The Death of Marat (French: La Mort de Marat) is a 1793 painting in the Neoclassical style by Jacques-Louis David, and is one of the most famous paintings of the French Revolution. This work depicts the radical journalist Jean-Paul Marat lying dead in his bath on 13 July 1793 after his murder by Charlotte Corday. Corday, who was from a minor aristocratic family, blamed Marat for the September Massacres and feared an all out civil war, claimed "I killed one man to save 100,000." It has been described as the first modernist painting.
Jean-Paul Marat (May 24, 1743 – July 13, 1793), was a Swiss-born French physician, philosopher, political theorist and scientist best known as a radical journalist and politician from the French Revolution.
David was a close friend of Marat, as well as a strong supporter of Robespierre and the Jacobins. Due to his difficulty speaking (he had a benign but large facial tumor, the result of an injury sustained while fencing), David was overwhelmed by their natural capacity for convincing crowds with their speeches. Determined to memorialize his friend, David painted this portrait of Marat.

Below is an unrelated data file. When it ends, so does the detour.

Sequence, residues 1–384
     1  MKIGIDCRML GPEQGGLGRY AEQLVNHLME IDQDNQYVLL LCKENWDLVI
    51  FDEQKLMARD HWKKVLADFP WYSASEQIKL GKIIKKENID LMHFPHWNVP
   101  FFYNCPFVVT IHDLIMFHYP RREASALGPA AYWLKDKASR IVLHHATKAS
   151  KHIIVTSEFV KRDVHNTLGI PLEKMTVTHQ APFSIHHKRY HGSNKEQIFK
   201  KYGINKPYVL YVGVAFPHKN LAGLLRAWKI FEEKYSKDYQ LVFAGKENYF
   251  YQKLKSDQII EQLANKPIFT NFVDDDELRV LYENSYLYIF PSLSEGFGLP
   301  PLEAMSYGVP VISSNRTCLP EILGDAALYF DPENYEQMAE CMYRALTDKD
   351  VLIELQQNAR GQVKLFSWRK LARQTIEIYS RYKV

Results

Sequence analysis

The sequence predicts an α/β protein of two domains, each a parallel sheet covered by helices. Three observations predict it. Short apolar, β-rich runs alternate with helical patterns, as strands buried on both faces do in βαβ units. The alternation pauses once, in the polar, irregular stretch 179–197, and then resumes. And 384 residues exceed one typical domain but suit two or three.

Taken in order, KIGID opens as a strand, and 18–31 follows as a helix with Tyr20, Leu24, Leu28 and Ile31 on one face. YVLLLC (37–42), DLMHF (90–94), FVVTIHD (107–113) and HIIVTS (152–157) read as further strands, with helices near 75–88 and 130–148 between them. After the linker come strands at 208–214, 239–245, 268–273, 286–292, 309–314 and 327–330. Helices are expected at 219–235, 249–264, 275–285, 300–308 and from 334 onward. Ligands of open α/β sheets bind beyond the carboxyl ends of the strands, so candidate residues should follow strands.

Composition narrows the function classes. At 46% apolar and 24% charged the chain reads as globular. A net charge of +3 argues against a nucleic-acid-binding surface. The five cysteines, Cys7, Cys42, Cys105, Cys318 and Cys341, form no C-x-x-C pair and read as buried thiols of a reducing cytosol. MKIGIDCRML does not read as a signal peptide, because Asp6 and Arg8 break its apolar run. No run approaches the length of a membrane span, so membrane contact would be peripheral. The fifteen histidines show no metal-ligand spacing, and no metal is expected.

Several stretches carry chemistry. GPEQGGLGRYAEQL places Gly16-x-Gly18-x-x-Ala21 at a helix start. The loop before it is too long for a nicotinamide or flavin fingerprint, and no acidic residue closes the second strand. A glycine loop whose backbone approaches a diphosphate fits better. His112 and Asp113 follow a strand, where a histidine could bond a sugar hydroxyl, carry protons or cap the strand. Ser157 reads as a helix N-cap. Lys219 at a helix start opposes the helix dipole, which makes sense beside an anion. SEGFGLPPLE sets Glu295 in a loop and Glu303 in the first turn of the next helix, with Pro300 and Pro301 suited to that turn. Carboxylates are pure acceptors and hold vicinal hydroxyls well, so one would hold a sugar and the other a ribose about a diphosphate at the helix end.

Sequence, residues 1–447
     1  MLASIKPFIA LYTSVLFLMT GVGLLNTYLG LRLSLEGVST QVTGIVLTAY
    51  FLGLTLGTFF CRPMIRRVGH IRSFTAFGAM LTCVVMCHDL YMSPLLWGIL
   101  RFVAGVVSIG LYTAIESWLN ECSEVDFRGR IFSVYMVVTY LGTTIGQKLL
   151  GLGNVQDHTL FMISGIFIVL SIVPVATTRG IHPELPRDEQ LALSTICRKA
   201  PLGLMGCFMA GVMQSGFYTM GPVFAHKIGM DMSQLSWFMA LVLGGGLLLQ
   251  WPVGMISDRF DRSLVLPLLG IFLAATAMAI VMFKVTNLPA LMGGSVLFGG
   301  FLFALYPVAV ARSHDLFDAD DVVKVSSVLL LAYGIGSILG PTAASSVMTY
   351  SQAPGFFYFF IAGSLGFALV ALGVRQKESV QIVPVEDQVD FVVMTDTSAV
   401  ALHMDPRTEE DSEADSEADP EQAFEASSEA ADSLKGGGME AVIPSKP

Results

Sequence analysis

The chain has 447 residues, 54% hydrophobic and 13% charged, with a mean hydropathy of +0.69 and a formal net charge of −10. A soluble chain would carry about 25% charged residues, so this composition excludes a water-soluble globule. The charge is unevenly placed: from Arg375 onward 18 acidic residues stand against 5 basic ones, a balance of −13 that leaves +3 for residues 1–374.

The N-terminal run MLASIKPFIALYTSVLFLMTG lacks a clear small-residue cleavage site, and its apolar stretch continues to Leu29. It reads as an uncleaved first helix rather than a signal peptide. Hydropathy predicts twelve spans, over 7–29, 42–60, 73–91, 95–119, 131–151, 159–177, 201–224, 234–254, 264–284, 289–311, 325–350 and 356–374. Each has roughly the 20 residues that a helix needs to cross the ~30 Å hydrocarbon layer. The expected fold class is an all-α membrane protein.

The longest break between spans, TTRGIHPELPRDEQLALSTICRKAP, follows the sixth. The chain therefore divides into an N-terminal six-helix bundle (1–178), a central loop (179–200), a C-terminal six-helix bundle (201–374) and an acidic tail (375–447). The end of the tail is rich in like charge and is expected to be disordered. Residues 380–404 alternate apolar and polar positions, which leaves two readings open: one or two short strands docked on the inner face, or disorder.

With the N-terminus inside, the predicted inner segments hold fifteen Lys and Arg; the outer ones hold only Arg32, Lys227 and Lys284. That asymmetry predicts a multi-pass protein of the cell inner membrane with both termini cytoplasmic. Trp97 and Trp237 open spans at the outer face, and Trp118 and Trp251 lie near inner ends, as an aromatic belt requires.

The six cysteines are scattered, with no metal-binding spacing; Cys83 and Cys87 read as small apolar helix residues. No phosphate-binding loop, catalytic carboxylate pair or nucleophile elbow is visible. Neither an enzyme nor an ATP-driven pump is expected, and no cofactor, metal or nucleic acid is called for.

This work contains something both poignant and tender; a soul is flying in the cold air of this room, on these cold walls, around this cold funerary tub." In this case David's classicism is based not on ancient Greek or Roman sources, but Renaissance ones: Marat's lifeless arm is taken from Michelangelo's Pietain St. Peter's. The citation of a prestigious model is united with an unprecedented identification of Marat, martyr of the Revolution, with Christ, further reinforcing the ideal and moral message of the painting.
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